Throughout the industrialized world in most manufacturing enterprises, the changes in operations can be categorized into numerous segments: new methods; innovative concepts; advanced processing systems; and control technologies, along with constant changes in products and packages that find their way into the daily operating schedules. Regardless of the category, these factors always seem to acquire a variety of identification names for application that might not adequately define the functions as initially intended.

From an operations perspective, “just in time” is and might still be an idea with suppliers to deliver materials just in time for use to avoid inventory damage and other obstacles that delay production. “Continuous improvement” came along as an approach for being aware that all things can constantly be improved throughout the operation. There are more examples, but these establish the point. Discussions with users of these ideas found that even though the line was followed, there were many deviations, and the intended results were not always obtained. Why? Research into the concept or idea indicated that basic principles were not fully understood by personnel involved in the application.

That brings us to the supply chain. The terminology of “supply chains” has existed for some time now; however, experience, observation and research into the subject has indicated not only the conditional applications, but also that the overall concept has deviations and interpretations. Exposure to magazine articles, books, seminars and even the syllabuses of college courses offering degrees in supply chain management have manifested a consensus that the topic, in fact, has many interpretations and viewpoints. Yet, what is needed is a simple approach.

From an operations perspective, like the old cliché, “a spade is a spade is a spade,” a supply chain is a supply chain. Like all good things, there is a start and finish with well-defined steps, and that is why looking at the application as an integrated supply chain is important.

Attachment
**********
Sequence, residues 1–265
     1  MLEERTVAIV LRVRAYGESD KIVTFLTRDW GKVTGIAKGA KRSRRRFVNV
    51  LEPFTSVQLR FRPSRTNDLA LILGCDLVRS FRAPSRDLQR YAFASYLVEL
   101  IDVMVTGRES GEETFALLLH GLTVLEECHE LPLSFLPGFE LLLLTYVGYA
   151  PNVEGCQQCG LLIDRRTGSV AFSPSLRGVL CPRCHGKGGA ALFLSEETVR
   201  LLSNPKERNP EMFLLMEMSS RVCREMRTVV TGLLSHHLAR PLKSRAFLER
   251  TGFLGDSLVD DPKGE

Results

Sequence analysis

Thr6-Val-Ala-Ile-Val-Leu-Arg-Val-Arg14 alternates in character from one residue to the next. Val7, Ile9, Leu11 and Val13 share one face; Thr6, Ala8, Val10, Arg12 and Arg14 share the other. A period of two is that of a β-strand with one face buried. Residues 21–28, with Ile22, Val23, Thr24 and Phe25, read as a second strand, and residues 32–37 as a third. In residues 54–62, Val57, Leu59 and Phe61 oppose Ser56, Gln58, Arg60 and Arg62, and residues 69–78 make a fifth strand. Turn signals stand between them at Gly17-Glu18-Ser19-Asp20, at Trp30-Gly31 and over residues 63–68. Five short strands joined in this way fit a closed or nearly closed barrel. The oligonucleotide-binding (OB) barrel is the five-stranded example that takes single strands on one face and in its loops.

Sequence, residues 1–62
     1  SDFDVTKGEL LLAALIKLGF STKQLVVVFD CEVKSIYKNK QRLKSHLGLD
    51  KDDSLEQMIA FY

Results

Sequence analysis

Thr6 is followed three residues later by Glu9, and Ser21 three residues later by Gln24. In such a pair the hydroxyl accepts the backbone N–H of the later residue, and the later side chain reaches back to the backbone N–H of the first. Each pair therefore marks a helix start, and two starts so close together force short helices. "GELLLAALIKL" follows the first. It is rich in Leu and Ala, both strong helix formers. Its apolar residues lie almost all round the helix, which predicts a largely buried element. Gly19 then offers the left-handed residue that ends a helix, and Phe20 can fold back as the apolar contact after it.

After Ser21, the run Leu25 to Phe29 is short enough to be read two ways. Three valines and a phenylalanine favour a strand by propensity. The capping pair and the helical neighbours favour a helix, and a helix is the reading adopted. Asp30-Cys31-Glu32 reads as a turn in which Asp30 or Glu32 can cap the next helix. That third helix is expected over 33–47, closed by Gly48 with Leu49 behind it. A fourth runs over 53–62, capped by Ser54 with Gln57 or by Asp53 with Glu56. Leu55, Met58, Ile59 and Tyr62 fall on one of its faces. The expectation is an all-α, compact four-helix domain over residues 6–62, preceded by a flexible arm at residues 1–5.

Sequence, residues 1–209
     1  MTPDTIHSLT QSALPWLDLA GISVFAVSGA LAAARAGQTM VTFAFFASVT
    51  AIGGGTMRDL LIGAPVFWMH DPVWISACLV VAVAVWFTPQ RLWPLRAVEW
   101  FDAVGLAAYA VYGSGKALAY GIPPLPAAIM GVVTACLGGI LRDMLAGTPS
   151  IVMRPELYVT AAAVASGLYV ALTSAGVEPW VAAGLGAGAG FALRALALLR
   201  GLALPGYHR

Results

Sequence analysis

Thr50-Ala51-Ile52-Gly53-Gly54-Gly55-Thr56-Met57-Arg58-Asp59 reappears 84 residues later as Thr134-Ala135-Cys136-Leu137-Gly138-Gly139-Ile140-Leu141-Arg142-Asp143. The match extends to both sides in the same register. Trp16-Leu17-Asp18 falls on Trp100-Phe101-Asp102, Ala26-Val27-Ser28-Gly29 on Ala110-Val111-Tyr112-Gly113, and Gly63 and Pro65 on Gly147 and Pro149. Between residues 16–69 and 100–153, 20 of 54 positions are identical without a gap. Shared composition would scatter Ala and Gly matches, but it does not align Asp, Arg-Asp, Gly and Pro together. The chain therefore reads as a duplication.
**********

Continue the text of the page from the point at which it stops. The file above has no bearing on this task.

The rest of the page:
When discussing supply chains, one issue is that most contacts using a supply chain idea immediately refer to the final step of the process: distribution. Others refer to warehousing per se and the inventory situation, which is a middle step. Some even refer to the first step — processing materials — especially when new materials are involved. These events indicate that understanding of the term “supply chain” obviously has different meanings and priorities. This highlights that an integrated supply chain is vital because integration is necessary, as each step demands interdependence and, in total, represents a completed cycle of operations. If one reflects on the old-fashioned production planning and scheduling system to see in reality how integration took place historically, the dependence on each step can support an integrated supply chain.

1. Processing: Beverage materials have to be formulated, mixed, filtered, aged or conditioned to become an established finished or partially finished product — if there’s no product, there’s no need to proceed. It depends on the next step.

2. Packaging: Once the product is established, it must be packed into containers with closures and transformed into a wide variety of packaging configurations, such as multipack units or cases. Units or cases are palletized in numerous patterns. Palletized pallet loads or other stacking methods can transport products to storage in a warehouse. If no warehouse, there is no need to proceed. It depends on the next step: a physical warehouse available through an AGV or FLT transport.

3. Warehousing: Once palletized product is stored in an automated or manual stacked facility, the product remains there until there are orders for direct removal. If there’s no removal order, there is no need to proceed. It depends on the next step.

4. Pre-Distribution: Stored product is removed by orders via automated and/or manual methods to the staging area for route allocation or re-sorting. The product is loaded onto various types of vehicles for delivery. If the vehicle remains in the loading area, there is no need to proceed. It depends on the next step.

5. Distribution: Once vehicles are loaded according to route plans, vehicles start distribution to the market for servicing accounts. Delivery vehicles, driver sales representatives and related activities are a distribution cost, as well as any special activities that might be involved in special events and promotions. Delivery vehicles then return to the loading location for restarting the delivery cycle. BI